Memorandum submitted by NSPCC (CP 14)
The NSPCC is the UK's leading charity specialising
in child protection and the prevention of cruelty to children.
We serve some of the poorest communities in the UK and some of
the most excluded children.
The NSPCC exists to end cruelty to children
through a range of activities designed to:
help children who have suffered abuse
overcome the effects of such harm;
prevent children from suffering abuse;
prevent children from suffering significant
harm as a result of ill-treatment;
help children who are at risk of
such harm; and
work to protect children from further
Poverty is a key risk factor which increases
the vulnerability of families to stress and makes the possibility
of physical abuse and neglect more likely. That is why NSPCC is
determined that there must be national action to end child poverty.
Child cruelty will not be eradicated unless
child poverty is ended. Child abuse is a key risk factor that
increases the likelihood of poverty and disadvantage in later
life. The NSPCC welcomes the Government's pledge to end child
poverty within a generation, and the lifting of half a million
children out of poverty between 1997 and 2003. Nonetheless, 3.8
million children, a quarter of all children, remain in poverty,
and are going without basics such as warm winter coats and properly
The harmful effects of poverty on children are
well documented. There is an established association between poverty
and prenatal and infant mortality, malnutrition and ill-health,
child accidents, low educational attainment, delinquency and teenage
pregnancy. This disadvantage is very often reinforced across generations.
Black and minority ethnic children are particularly disadvantaged
and are disproportionately represented in the poorest fifth of
the UK population.
Poverty is closely related with social exclusionthat
is, it excludes people from the opportunities available to the
average citizen in areas such as health, education, employment
Poverty is also associated with physical abuse
and neglect, although the association between poverty and child
abuse is not a simple matter of cause and effect. Child abuse
occurs across all classes and its actual causes are complex. Nevertheless,
most children on child protection registers are from low-income
families and the most commonly identified stress factors in all
registered cases of child abuse are unemployment and debt, which
are closely related to poverty.
The pressures involved in coping with inadequate
income cause stress, which can exacerbate the health problems
associated with poor diet, inadequate heating and poor housing.
Such pressures also increase the likelihood of family tension
and breakdown. In such circumstances, emotional abuse, physical
abuse and neglect are more likely. Child abuse rates tend to be
higher in deprived neighbourhoods, where poverty is concentrated,
support services are inadequate and social exclusion is marked.
Article 27 of the UN Convention on the Rights
of the Child defines as a minimum acceptable way of life to which
every child is entitled: a standard of living adequate for the
child's physical, mental, spiritual, moral and social development.
Despite some advances in recent years, the UK is some way from
securing that entitlement for all children.
The NSPCC has worked closely with the Department
for Work and Pensions on the measurement of poverty, and responded
to the Department's consultation on the measurement of child poverty.
The NSPCC's primary concern is for a clear, simple measure that
is easily understood and readily understood by all. This is vital
in order to raise awareness of child poverty and secure public
commitment to investing in tackling child poverty.
More specifically, a measure of child poverty
should be based on income since not having enough money is at
the heart of child poverty. This should be a measure of both relative
income, in order to reflect that poverty is about children not
having what other children have, and of absolute income, since
poverty is also about not having basics. But it should also include
a measure of how long children have been in poverty, since the
persistence of poverty is indicative of the effect it will have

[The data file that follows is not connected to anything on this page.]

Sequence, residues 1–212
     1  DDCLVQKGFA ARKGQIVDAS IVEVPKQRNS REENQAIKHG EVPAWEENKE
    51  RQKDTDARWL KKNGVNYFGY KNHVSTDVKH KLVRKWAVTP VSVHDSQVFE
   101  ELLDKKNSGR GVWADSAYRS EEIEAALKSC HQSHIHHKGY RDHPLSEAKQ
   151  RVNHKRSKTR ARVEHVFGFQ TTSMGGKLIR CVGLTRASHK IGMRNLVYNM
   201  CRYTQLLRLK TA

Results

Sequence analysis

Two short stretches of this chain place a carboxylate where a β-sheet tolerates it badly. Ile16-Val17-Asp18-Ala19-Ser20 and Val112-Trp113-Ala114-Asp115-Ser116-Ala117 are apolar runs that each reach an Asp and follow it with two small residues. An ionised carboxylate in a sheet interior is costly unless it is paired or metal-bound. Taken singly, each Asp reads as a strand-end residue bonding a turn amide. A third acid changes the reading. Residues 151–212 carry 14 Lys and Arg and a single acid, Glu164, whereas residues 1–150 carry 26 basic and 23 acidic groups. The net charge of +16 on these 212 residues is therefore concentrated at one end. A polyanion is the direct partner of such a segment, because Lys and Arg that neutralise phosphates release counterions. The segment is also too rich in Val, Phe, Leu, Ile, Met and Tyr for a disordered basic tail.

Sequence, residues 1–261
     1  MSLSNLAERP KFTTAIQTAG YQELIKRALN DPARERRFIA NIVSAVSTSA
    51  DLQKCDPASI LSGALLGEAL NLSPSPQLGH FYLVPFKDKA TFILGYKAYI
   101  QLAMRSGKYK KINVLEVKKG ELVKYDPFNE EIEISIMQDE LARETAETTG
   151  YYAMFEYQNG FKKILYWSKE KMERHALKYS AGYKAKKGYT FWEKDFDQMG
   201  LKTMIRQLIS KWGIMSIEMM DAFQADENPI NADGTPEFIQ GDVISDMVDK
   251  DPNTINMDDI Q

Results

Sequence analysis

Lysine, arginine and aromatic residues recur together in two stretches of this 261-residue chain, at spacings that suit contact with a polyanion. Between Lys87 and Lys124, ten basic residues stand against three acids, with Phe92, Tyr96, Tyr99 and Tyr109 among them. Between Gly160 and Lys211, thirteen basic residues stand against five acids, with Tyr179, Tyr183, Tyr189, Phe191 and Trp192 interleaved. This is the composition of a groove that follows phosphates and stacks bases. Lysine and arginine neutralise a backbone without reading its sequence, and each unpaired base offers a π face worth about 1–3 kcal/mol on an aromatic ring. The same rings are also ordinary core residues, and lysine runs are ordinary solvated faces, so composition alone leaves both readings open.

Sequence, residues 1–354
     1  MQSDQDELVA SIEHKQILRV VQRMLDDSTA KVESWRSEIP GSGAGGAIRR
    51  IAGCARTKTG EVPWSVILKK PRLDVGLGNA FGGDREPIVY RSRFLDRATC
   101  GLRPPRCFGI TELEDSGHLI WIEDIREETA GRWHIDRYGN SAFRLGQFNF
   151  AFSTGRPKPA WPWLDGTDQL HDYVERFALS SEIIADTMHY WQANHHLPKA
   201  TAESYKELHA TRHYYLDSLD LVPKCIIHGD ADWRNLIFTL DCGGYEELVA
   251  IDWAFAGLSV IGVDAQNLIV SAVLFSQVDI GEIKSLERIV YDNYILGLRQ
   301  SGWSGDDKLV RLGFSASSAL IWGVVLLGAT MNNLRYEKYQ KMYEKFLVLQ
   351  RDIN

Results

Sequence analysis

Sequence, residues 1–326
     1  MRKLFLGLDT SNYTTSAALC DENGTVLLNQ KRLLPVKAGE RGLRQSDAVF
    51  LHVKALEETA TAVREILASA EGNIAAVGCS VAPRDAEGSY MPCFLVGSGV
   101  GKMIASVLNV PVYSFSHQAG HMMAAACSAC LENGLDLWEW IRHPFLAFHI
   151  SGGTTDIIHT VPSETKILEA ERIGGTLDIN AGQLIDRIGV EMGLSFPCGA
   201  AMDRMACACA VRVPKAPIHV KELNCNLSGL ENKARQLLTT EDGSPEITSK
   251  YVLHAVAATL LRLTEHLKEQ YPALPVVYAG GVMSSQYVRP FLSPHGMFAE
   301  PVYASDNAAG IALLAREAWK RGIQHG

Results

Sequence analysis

on a child's life. It is also important to measure the depth of
poverty, which is whether the children are living in poverty are
near to the poverty line or far below it.
So to summarise, a long-term measure of child
poverty should include:
Persistence of poverty.
Depth of povertyinequality.
The measure should also seek to capture the
less easily measured aspects of a child's experience of poverty,
or at least cross-reference to the Children and Young People's
Unit Indicators. These would include the effects of being poor,
such as reduced expectations, learning to be poor, loss of opportunity,
poverty of hope, feeling excluded as well as more general measures
of wellbeing. It is important to measure these aspects because
they relate to outcomes rather than outputs such as health, education
and parenting support.
If we are truly seeking to measure child poverty
and not just to measure what is readily measured, or what government
is able to do to end child poverty, we also need to think about
measuring what other parts of society can do to end child poverty.
This should include the role of business, which could capture
work-life balance issues for low paid workers, and their impact
on children, and the role of unions, the media, and faith communities.
Finally, in measuring child poverty we should
not only set a poverty line but also a minimum income threshold
below which no child should fall. This would be based on the basic
minimum income necessary to maintain the health and wellbeing
of children, as outlined in the UN Convention on the Rights of
the Child. This was one of the calls in the Children's Manifesto,
produced by NSPCC, Barnardos and CPAG and signed up to by over
80 voluntary organisations.
The Government has made a considerable impact
on child poverty through changes to the tax and benefits system
and through locally based programmes such as Sure Start and Children's
Fund. As partners in delivering Sure Start in over 20 communities
and Children's Fund in 10 we see the difference these programmes
make in turning round the lives of children and their families.
However these programmes only reach a proportion of the 3.8 million
children living in poverty. The Government's work needs to be
joined up in a National Strategy for tackling child poverty, financial
support through the tax and benefits system needs to be increased,
and finally government needs to tackle the effects of poverty
on children through building emotional capital.
The Government should introduce an improved
system of financial support for all children and young people.
This should include:
an established minimum income standard
necessary to maintain the health and well-being of children as
outlined in the United Nations Convention on the Rights of the
an end to discrimination against
young people in the benefits system;
reform of the Social Fund to give
families access to grants to pay for essentials like beds and
cookers and to alleviate the problems created by debt;